[Blueboard] RTD - The Politics of Pipes: Small Water Networks in Manila's Urban Landscape, 06 May, 10:00 AM at ASoG
Maricel V. de Guzman
mdeguzman at aps.ateneo.edu
Mon May 2 09:09:05 PHT 2011
Please post. Thank you!
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The Ateneo School of Government (ASoG) is holding a round table
discussion on "The Politics of Pipes: Small Water Networks in Manila?s
Urban Landscape? on 06 May 2011, Friday, from 10:00 AM to 12:00 NN at
Conference Rooms 1 and 2, Pacifico Ortiz Hall, Social Development
Complex, Ateneo de Manila University, Loyola Heights, Quezon City.
This will be facilitated by Debbie Cheng, a Ph.D. candidate at the
University of California Berkeley's Energy and Resources Group and a
Visiting Fellow at ASoG. The activity aims to have an in-depth
discussion on the strategy to extend water services to peripheral
communities through the Small Piped Water Networks (SPWNs).
Please send your confirmations to Ms. Maricel de Guzman on or before
04 May, Wednesday, at 426-6061 / 426-6001 local 4645 or
mdeguzman at aps.ateneo.edu.
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The Politics of Pipes: Small Water Networks in Manila's Urban Landscape
In Manila's post-privatization environment, an "innovative" strategy
is being used to help extend water services to peripheral communities
? that of small piped water networks (SPWNs). SPWNs are
community-based water networks that serve as extensions or surrogates
for "formal" water utilities, and they are commonly assumed to be
independent operators, acting autonomously from their larger
counterparts. But in neoliberal Manila, the two water concessionaires,
Manila Water and Maynilad, play significant roles in determining when
and where SPWNs occur. In the decade and a half since privatization,
SPWNs have been used strategically by Manila Water, first, followed by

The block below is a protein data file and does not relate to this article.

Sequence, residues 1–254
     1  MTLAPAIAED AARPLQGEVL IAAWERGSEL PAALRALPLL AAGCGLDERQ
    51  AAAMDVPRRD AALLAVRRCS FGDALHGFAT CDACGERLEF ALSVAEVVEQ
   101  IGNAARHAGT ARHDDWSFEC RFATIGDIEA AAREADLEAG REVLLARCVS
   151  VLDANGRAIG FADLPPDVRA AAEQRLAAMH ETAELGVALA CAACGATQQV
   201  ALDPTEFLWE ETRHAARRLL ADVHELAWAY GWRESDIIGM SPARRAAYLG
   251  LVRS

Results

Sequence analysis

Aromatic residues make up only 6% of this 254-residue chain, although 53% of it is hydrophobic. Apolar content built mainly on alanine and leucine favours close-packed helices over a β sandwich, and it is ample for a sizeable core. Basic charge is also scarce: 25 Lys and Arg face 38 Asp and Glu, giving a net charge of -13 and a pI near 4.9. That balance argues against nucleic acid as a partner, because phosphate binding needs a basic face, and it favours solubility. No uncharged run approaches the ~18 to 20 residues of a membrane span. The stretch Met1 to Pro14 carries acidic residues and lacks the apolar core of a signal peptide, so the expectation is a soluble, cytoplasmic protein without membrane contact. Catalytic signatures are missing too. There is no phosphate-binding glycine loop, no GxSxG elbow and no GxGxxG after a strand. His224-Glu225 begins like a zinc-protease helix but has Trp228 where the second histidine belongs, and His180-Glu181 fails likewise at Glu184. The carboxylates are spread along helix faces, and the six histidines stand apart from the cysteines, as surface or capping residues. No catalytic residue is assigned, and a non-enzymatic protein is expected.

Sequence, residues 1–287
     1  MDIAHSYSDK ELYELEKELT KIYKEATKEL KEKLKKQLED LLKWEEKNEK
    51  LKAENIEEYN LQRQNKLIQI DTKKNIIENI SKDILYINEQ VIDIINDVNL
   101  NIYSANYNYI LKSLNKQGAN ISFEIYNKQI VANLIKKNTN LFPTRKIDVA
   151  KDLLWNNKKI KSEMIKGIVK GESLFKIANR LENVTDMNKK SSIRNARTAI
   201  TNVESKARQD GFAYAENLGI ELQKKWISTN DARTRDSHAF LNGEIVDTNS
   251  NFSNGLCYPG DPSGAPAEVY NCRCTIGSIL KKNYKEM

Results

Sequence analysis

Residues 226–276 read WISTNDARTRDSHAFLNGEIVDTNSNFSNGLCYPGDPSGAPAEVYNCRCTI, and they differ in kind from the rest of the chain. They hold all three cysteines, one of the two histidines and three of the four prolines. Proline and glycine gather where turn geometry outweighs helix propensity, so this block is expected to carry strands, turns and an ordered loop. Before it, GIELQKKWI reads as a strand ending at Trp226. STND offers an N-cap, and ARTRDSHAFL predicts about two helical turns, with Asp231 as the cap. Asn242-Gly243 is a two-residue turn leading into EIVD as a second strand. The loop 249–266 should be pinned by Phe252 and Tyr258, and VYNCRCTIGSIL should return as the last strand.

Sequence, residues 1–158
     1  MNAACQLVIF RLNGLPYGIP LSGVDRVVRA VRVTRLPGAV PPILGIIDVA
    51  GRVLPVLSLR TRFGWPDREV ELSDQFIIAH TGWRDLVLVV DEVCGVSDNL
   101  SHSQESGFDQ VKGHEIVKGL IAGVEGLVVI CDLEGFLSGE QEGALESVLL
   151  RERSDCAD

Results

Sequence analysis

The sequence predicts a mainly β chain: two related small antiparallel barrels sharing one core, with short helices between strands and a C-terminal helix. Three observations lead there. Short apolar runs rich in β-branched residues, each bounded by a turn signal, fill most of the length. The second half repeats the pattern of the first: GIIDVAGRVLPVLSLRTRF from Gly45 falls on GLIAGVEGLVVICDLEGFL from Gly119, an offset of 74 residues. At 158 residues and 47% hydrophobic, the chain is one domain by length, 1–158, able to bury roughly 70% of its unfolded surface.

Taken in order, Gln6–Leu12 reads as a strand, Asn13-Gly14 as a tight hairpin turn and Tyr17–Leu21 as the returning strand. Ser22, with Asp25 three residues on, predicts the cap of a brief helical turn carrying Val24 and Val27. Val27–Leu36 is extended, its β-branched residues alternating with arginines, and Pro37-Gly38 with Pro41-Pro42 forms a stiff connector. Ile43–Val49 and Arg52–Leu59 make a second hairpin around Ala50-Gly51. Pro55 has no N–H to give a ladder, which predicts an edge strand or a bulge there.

Maynilad, in order to rapidly expand coverage to lower income areas.
The result is an uneven geography of access to water, where SPWN
communities often pay higher tariffs and may face differential service
Concomitantly, despite the often determinative function of the
concessionaires, community members must still play a critical role, as
the concessionaires rely on them for local organizing, financing, and
disciplining of consumers. My research examines this intersection of
corporate hegemony and grassroots struggle at two scales -- 1) at a
macro level, I analyze the ways in which the concessionaires'
strategies on SPWNs have shaped the urban landscape, situated within
broader policies put forth by the state and international finance
institutions; and 2) at a micro level, I examine the social and
political dynamics within three SPWN communities to assess the ways in
which individual citizenship may be altered. I find that while there
is some degree of negotiation between the many actors involved,
corporate interests largely determine the geography of SPWNs and the
terms by which they exist, resulting in a reconfiguration of
inequities in access to water and social hierarchies. SPWNs can thus
be viewed as one particular manifestation of the ability of private
interests to affect the marginalization of certain groups.
Debbie Cheng is a Ph.D. candidate at the University of California
Berkeley's Energy and Resources Group and a Visiting Fellow at the
Ateneo School of Government. She has spent the last nine months in
Manila conducting her dissertation research on SPWNs.
Maricel V. de Guzman
Ateneo School of Government
Telefax: (63 2) 426-5997
Directline: (63 2) 426-5998
Trunkline: (63 2) 426-6001 loc. 4621
Email: mdeguzman at aps.ateneo.edu / isel.dg at gmail.com
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